The shift to extremism by the elected representative in HD 47 has already happened. When Workman was elected in 2010, he ran as moderate, which is why he was able to win. After redrawing the district in 2011 to guarantee his “safe” re-election, however, Workman has had to move further and further to his right. For example, in 2013, Workman voted in favor of an anti-choice bill (HB2) that purported to protect women’s health when in reality it did the opposite. The bill passed despite opposition by a majority of Texas women, including me; and from the bill’s inception, its constitutional validity was clearly questionable. Let me repeat that. Our state government passed a law in an obvious attempt to deprive women of an individual right that the United States Supreme Court has repeatedly said is protected. That law was so extreme that the U.S. Supreme Court recently struck down key provisions as unconstitutional. Texas representatives–who face no opposition in November have already vowed to try again.
Likewise, in 2015, Workman voted in favor of campus carry (SB 11), legislation that requires public universities to allow handguns in college classrooms. It passed with Workman’s help despite overwhelming opposition by local voters including gun advocates, Texas universities and state law enforcement agencies. There is no doubt in my mind that these votes were products of Workman’s concern about a Republican primary challenge rather than what was in the best interest of his constituents.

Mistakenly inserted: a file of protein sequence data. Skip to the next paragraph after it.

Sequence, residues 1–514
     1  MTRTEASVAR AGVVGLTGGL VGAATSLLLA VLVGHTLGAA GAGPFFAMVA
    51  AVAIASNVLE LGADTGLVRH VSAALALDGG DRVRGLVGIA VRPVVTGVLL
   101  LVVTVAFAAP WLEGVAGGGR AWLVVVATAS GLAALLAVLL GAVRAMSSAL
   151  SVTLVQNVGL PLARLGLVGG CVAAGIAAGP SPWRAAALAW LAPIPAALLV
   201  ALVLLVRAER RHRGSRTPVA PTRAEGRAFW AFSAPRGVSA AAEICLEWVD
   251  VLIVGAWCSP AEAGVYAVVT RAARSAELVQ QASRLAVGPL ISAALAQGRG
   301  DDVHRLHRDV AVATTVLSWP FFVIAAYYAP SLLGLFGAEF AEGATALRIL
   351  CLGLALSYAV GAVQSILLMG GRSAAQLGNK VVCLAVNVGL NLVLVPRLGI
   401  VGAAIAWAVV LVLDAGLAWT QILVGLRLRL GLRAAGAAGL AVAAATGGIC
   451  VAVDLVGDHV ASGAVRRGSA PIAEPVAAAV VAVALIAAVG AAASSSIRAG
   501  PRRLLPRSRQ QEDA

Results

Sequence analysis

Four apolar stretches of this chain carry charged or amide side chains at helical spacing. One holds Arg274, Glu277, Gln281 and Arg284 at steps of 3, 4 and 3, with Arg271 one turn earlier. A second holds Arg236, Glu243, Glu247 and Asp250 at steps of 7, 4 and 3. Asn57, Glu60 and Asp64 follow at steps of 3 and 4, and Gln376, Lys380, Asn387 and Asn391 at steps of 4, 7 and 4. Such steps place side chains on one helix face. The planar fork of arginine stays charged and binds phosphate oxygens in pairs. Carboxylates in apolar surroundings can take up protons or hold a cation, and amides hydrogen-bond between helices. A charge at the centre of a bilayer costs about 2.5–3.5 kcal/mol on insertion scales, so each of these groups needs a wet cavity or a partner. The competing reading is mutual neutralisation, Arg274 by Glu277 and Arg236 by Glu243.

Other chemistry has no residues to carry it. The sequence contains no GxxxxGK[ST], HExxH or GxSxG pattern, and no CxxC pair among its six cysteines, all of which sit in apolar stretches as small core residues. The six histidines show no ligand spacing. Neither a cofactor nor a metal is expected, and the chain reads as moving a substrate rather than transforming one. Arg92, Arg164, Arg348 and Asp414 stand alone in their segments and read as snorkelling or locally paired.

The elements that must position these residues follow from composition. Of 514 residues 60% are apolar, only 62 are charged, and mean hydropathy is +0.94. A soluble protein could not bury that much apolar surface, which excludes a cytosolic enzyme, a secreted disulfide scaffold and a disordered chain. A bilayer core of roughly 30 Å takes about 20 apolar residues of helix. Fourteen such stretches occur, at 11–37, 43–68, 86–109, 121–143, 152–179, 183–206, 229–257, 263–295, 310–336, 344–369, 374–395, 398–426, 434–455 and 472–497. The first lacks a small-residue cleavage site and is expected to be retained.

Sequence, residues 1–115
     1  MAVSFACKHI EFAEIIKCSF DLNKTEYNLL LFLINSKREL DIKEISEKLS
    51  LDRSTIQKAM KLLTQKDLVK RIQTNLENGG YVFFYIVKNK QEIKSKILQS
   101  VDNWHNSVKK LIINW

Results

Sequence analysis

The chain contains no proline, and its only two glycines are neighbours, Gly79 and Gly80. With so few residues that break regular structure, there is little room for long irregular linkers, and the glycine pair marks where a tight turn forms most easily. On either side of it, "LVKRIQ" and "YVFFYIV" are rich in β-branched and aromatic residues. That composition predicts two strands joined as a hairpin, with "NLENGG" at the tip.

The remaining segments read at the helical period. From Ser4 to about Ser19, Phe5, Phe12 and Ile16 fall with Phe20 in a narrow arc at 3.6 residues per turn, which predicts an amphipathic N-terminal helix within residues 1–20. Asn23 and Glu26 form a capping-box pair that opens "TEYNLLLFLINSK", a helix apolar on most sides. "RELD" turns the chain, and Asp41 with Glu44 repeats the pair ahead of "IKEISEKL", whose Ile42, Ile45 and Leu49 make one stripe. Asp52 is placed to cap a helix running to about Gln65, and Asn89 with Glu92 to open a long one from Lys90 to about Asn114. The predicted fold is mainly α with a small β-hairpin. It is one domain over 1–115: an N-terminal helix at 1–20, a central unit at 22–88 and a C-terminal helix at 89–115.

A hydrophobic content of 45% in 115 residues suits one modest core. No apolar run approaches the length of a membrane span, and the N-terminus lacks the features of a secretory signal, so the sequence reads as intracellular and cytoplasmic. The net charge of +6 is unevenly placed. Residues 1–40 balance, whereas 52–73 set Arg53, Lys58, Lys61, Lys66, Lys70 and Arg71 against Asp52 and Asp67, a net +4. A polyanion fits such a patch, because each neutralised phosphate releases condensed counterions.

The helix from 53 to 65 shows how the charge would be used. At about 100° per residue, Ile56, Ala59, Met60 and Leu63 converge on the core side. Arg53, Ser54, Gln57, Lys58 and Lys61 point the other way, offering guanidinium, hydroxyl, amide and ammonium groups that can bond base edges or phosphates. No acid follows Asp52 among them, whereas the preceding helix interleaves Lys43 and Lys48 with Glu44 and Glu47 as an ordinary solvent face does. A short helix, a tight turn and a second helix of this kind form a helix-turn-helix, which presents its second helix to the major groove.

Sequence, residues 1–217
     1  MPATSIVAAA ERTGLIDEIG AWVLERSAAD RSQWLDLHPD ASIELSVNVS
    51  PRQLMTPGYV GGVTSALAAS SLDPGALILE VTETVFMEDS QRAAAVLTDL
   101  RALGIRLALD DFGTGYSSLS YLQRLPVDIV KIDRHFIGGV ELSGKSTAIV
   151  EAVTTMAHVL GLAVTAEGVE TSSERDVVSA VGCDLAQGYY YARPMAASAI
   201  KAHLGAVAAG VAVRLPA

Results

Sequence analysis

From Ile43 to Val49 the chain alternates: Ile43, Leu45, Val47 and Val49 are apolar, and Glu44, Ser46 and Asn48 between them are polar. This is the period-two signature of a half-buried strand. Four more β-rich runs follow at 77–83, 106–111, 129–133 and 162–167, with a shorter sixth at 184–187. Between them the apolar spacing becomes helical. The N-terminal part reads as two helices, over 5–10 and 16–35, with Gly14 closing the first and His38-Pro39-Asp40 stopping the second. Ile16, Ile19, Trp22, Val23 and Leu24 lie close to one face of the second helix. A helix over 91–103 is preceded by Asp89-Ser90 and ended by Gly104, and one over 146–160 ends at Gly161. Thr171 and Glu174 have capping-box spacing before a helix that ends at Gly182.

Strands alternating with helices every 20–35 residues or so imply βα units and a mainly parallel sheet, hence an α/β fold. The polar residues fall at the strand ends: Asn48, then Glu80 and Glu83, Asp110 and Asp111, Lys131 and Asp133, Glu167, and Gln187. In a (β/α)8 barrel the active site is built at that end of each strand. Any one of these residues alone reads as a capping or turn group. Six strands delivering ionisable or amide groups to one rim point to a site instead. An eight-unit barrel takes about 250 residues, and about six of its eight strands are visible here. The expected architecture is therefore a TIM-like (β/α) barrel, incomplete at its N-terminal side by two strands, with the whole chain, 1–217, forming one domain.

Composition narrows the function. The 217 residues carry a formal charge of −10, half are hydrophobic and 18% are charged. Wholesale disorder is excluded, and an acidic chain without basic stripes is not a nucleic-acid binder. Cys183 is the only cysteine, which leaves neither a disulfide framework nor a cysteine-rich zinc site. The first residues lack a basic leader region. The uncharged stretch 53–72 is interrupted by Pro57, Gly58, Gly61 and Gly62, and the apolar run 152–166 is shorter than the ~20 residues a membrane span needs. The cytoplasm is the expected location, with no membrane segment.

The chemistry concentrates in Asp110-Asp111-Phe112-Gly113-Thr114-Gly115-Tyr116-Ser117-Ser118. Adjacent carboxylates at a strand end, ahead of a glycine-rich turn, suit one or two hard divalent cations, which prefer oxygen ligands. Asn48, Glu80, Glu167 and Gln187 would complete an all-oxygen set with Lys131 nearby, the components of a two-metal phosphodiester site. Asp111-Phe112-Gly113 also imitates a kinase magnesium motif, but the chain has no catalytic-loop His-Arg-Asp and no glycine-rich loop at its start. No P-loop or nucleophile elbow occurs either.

Finally, Workman’s newest project involves joining with Governor Greg Abbott and other Republican lawmakers to pursue an Article V Constitutional Convention of the States in order to amend our U.S. Constitution. Proposed amendments would include: allowing a two-thirds majority of states to override a U.S. Supreme Court opinion, federal law or regulation; requiring Congress to balance the budget; and prohibiting a federal agency from pre-empting state law.
And while these elected representatives are spending time and resources on issues dictated by a small but vocal group of primary voters, the big issues that the majority of Texans care about are being ignored. Since Paul Workman has taken over as State Representative for Western Travis County, our traffic congestion has worsened, our property taxes have spiked, our public school finance system has continued to deteriorate, uninsured healthcare costs have risen, our foster care system has failed vulnerable children, and our water conservation issues remain uncertain. Nothing is getting done because the representatives at the Capitol are more concerned with getting re-elected in polarized districts than they are with doing what’s right for Texas. Only competitive elections can bring back accountability, moderation, civil discourse, and a productive deliberative process to the Legislature. Until we fix our partisan gerrymandering problem, this district, this state, and this country will continue to suffer from political deadlock, extremism, corruption and cronyism.
Only the People can fix this problem. We can do it by voting, in both primary and general elections, for representatives who promise to vote for redistricting reform.